Last week, the Trump administration rolled back protections for the embattled greater sage grouse, an iconic bird that has become a symbol of the struggle over how to balance extractive land use and preservation in the American West. The new plans allow more oil and gas leasing and drilling opportunities across nearly nine million acres of critical habitat.
Since the late 1990s, conservationists have pushed to list the greater sage grouse under the Endangered Species Act. An endangered listing, however, would bring severe limitations on grazing, energy development and other activities across 173 million acres of public, state and private land in the west.
To forestall that, the Obama administration in 2015 brokered a compromise plan to limit development and restore disturbed areas within “core” grouse habitat, while allowing more intensive development elsewhere.
The agreement won the support of a variety of industry and environmental stakeholders, but also spurred criticism and lawsuits. Some environmentalists argued that the protections were not strong enough; some industry groups and state and local governments called for the plan’s “draconian” restrictions on development in sage grouse habitat to be loosened.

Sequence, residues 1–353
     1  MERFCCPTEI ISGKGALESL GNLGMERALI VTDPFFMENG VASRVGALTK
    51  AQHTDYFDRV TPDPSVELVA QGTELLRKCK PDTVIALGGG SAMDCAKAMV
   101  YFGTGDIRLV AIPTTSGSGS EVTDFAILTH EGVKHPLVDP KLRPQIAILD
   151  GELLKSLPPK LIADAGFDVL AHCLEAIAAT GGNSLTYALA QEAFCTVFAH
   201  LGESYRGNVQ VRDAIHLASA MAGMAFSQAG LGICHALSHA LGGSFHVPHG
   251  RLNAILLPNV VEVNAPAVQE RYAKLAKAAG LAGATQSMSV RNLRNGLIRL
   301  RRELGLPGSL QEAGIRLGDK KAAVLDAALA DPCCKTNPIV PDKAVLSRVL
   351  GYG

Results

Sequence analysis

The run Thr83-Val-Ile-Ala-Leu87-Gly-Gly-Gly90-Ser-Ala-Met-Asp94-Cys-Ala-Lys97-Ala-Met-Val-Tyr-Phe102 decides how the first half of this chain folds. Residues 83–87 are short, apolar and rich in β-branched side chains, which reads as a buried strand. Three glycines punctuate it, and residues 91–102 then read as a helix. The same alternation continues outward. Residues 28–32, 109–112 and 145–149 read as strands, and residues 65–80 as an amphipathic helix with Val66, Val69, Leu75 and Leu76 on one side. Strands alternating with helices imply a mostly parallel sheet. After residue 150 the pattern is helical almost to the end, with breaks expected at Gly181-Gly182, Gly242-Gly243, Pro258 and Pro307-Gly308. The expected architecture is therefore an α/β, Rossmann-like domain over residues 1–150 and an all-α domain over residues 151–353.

The Trump administration heeded the latter calls.
The new plan reduces protections on over 51 million acres of “priority” habitat in seven states, making it easier for oil and gas companies to receive waivers, exceptions, and modifications to drilling rules. It eliminates from all but two states the most stringent protections, which tightly circumscribed mineral leasing and drilling in nearly nine million acres of the most sensitive grouse habitat.

Friday 29 March 2019

Tiny song bird makes record migration, U of G study proves

Mar 20, 2019 08:07 AM EDT
Blackpoll warbler wearing tiny 'backpack.'

It's an epic journey for a tiny bird.
For the first time, University of Guelph biologists have tracked an annual migration of up to 20,000 kilometres made by the 12-gram blackpoll warbler, one of the fastest declining songbirds in North America.
The bird's trek between its breeding grounds in the central and western boreal forest of North America and its winter home in the Amazon Basin - one of the longest songbird migrations recorded -- is the topic of a new paper by a research team headed by U of G biologist Ryan Norris.